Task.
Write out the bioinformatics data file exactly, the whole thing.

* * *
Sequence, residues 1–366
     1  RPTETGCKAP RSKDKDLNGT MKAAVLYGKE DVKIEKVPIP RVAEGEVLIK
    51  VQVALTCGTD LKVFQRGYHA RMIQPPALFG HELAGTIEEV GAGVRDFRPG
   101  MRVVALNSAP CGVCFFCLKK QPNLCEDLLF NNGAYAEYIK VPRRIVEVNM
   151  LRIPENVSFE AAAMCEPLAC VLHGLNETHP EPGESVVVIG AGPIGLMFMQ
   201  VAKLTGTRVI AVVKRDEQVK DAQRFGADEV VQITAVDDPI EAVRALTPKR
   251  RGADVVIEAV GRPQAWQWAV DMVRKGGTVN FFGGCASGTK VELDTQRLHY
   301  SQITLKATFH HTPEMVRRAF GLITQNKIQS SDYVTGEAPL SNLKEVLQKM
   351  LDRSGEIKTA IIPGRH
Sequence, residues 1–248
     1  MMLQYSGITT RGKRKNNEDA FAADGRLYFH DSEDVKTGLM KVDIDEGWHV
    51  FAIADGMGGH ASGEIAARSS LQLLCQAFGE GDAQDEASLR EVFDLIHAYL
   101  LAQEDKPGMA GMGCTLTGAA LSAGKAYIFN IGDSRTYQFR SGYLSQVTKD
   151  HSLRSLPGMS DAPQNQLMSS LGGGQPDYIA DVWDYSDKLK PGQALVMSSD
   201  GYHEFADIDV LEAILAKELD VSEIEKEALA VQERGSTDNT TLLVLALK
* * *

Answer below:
Sequence, residues 1–366
     1  RPTETGCKAP RSKDKDLNGT MKAAVLYGKE DVKIEKVPIP RVAEGEVLIK
    51  VQVALTCGTD LKVFQRGYHA RMIQPPALFG HELAGTIEEV GAGVRDFRPG
   101  MRVVALNSAP CGVCFFCLKK QPNLCEDLLF NNGAYAEYIK VPRRIVEVNM
   151  LRIPENVSFE AAAMCEPLAC VLHGLNETHP EPGESVVVIG AGPIGLMFMQ
   201  VAKLTGTRVI AVVKRDEQVK DAQRFGADEV VQITAVDDPI EAVRALTPKR
   251  RGADVVIEAV GRPQAWQWAV DMVRKGGTVN FFGGCASGTK VELDTQRLHY
   301  SQITLKATFH HTPEMVRRAF GLITQNKIQS SDYVTGEAPL SNLKEVLQKM
   351  LDRSGEIKTA IIPGRH
Sequence, residues 1–248
     1  MMLQYSGITT RGKRKNNEDA FAADGRLYFH DSEDVKTGLM KVDIDEGWHV
    51  FAIADGMGGH ASGEIAARSS LQLLCQAFGE GDAQDEASLR EVFDLIHAYL
   101  LAQEDKPGMA GMGCTLTGAA LSAGKAYIFN IGDSRTYQFR SGYLSQVTKD
   151  HSLRSLPGMS DAPQNQLMSS LGGGQPDYIA DVWDYSDKLK PGQALVMSSD
   201  GYHEFADIDV LEAILAKELD VSEIEKEALA VQERGSTDNT TLLVLALK